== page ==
Declarations

Acknowledgements

This work was funded by NIH grant TW009237 as part of the joint NIH-NSF Ecology of Infectious Disease program and the UK Economic and Social Research Council and in part by National Institutes of Health grants R01 AI084787 and R01 AI077376-04A1; it was also supported by National Center for Research Resources grant RR000167 and the Office of Research Infrastructure Programs (ORIP) grant P51OD011106. The research was conducted, in part, at a facility constructed with support from Research Facilities Improvement Program grants RR15459-01 and RR020141-01. This research was performed using resources and the computing assistance of the UW-Madison Center for High Throughput Computing (CHTC) in the Department of Computer Sciences. The CHTC is supported by UW-Madison and the Wisconsin Alumni Research Foundation, and is an active member of the Open Science Grid, which is supported by the National Science Foundation and the U.S. Department of Energy’s Office of Science. Use of trade names is for identification only and does not imply endorsement by the U.S. Department of Health and Human Services, the Public Health Service, or the Centers for Disease Control and Prevention. The findings and conclusions in this report are those of the authors and do not necessarily represent the views of the Centers for Disease Control and Prevention.

Authors’ Affiliations

(1)
Wisconsin National Primate Research Center
(2)
Laboratory Branch, Division of HIV/AIDS Prevention, National Center for HIV, Hepatitis, STD, and TB Prevention, Centers for Disease Control and Prevention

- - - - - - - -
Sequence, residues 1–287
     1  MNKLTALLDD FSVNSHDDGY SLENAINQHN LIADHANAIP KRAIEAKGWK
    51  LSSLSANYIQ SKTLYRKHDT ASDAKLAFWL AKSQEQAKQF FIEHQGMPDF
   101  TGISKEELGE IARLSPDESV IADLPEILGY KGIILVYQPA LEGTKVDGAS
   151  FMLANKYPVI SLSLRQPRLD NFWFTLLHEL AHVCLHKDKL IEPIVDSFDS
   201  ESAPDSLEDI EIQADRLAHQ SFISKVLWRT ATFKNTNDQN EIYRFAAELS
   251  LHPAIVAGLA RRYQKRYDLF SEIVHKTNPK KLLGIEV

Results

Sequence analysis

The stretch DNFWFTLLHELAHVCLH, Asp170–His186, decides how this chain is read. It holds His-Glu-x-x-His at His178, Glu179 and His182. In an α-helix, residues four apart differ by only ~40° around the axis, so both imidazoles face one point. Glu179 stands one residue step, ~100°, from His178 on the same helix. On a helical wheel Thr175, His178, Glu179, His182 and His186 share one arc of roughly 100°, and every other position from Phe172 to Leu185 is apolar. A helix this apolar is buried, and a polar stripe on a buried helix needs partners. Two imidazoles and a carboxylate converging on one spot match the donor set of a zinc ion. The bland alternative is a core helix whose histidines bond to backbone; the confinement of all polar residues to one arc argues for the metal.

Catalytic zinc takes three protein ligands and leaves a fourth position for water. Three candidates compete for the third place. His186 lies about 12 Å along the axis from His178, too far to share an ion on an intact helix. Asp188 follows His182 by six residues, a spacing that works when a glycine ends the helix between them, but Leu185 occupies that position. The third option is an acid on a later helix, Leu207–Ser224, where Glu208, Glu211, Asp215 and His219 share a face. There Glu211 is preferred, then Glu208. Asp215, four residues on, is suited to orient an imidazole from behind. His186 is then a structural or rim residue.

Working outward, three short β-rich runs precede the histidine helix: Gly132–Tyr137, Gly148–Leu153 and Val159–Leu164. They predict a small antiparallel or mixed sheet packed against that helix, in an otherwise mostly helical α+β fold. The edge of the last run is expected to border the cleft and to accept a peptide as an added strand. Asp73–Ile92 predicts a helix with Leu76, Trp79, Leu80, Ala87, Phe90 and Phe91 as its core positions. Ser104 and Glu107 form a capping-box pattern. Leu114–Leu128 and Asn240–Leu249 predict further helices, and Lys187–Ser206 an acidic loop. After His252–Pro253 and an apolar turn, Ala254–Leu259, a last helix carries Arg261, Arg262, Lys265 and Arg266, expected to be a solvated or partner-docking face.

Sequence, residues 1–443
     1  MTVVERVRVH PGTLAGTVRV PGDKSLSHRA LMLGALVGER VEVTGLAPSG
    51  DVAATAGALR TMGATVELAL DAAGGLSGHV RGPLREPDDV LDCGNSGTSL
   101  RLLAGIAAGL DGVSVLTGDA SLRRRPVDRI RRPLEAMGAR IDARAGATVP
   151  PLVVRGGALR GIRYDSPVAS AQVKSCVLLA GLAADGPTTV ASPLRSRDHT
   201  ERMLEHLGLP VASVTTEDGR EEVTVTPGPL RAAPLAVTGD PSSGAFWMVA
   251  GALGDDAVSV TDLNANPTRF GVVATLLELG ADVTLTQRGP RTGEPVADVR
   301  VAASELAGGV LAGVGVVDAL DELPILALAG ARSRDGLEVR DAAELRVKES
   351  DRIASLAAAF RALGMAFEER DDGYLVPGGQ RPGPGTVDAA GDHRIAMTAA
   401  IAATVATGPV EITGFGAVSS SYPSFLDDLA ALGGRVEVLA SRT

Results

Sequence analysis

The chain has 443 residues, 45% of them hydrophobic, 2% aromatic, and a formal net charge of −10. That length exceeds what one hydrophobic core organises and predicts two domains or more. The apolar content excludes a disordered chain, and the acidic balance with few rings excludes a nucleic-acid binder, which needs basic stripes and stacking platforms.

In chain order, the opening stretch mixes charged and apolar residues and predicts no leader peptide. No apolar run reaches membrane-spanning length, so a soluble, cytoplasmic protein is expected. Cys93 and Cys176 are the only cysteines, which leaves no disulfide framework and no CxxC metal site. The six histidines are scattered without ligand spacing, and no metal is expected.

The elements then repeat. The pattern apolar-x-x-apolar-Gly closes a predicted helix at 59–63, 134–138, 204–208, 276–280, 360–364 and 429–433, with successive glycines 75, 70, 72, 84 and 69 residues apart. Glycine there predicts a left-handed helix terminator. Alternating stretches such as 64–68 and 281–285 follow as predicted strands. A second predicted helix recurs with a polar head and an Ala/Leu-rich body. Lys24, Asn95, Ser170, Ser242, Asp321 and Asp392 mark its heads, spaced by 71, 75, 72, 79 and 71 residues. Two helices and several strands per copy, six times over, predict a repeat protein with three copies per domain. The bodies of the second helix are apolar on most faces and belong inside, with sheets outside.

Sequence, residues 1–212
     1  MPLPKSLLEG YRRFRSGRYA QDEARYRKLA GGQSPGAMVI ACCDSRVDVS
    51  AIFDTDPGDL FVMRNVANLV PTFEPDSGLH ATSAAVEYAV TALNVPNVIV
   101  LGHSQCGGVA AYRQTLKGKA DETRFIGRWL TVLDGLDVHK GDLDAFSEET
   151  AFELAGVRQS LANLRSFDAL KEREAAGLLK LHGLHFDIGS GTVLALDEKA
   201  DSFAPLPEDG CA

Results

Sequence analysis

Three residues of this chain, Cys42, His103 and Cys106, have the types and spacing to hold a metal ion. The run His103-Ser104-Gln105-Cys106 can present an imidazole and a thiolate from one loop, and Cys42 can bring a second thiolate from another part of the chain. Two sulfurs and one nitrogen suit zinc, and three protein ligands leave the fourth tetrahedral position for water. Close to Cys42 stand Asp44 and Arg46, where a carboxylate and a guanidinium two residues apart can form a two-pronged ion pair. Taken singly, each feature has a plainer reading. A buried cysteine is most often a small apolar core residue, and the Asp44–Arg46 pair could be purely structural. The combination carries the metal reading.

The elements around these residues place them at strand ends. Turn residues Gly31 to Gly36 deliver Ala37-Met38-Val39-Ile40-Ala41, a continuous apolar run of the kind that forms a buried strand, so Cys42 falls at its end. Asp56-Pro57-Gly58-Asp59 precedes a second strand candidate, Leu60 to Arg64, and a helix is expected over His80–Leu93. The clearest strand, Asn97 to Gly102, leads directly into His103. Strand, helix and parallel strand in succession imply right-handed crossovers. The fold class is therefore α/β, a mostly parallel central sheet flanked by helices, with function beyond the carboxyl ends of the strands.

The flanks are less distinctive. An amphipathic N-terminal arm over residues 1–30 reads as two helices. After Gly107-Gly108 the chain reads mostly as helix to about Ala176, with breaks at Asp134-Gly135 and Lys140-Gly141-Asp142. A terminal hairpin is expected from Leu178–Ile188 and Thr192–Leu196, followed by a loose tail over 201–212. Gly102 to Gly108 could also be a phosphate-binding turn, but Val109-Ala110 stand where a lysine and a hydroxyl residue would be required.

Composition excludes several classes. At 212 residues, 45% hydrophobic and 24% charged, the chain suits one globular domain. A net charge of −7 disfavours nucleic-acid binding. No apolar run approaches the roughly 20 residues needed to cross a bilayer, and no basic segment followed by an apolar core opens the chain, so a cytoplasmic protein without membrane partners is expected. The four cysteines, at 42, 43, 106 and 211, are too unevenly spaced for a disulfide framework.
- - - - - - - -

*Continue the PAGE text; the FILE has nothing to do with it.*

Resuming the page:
(3)
Department of Pathobiological Sciences, University of Wisconsin-Madison
(4)
Makerere University
(5)
Center for High-throughput Computing, University of Wisconsin-Madison
(6)
Department of Anthropology and Institute of Ecology and Evolution, University of Oregon
(7)
Department of Anthropology and School of Environment, McGill University
(8)
Wildlife Conservation Society
(9)
Department of Pathology and Laboratory Medicine, University of Wisconsin-Madison

References

  1. Apetrei C, Robertson DL, Marx PA: The history of SIVS and AIDS: epidemiology, phylogeny and biology of isolates from naturally SIV infected non-human primates (NHP) in Africa. Front Biosci. 2004, 9: 225-254. 10.2741/1154.View ArticlePubMedGoogle Scholar
  2. Locatelli S, Peeters M: Cross-species transmission of simian retroviruses: how and why they could lead to the emergence of new diseases in the human population. Aids. 2012, 26: 659-673. 10.1097/QAD.0b013e328350fb68.View ArticlePubMedGoogle Scholar
  3. Gao F, Bailes E, Robertson DL, Chen Y, Rodenburg CM, Michael SF, Cummins LB, Arthur LO, Peeters M, Shaw GM, Sharp PM, Hahn BH: Origin of HIV-1 in the chimpanzee Pan troglodytes troglodytes. Nature. 1999, 397: 436-441. 10.1038/17130.View ArticlePubMedGoogle Scholar
  4. Hirsch VM, Olmsted RA, Murphey-Corb M, Purcell RH, Johnson PR: An African primate lentivirus (SIVsm) closely related to HIV-2. Nature. 1989, 339: 389-392. 10.1038/339389a0.View ArticlePubMedGoogle Scholar
  5. Van Heuverswyn F, Li Y, Neel C, Bailes E, Keele BF, Liu W, Loul S, Butel C, Liegeois F, Bienvenue Y, Ngolle EM, Sharp PM, Shaw GM, Delaporte E, Hahn BH, Peeters M: Human immunodeficiency viruses: SIV infection in wild gorillas. Nature. 2006, 444: 164-10.1038/444164a.View ArticlePubMedGoogle Scholar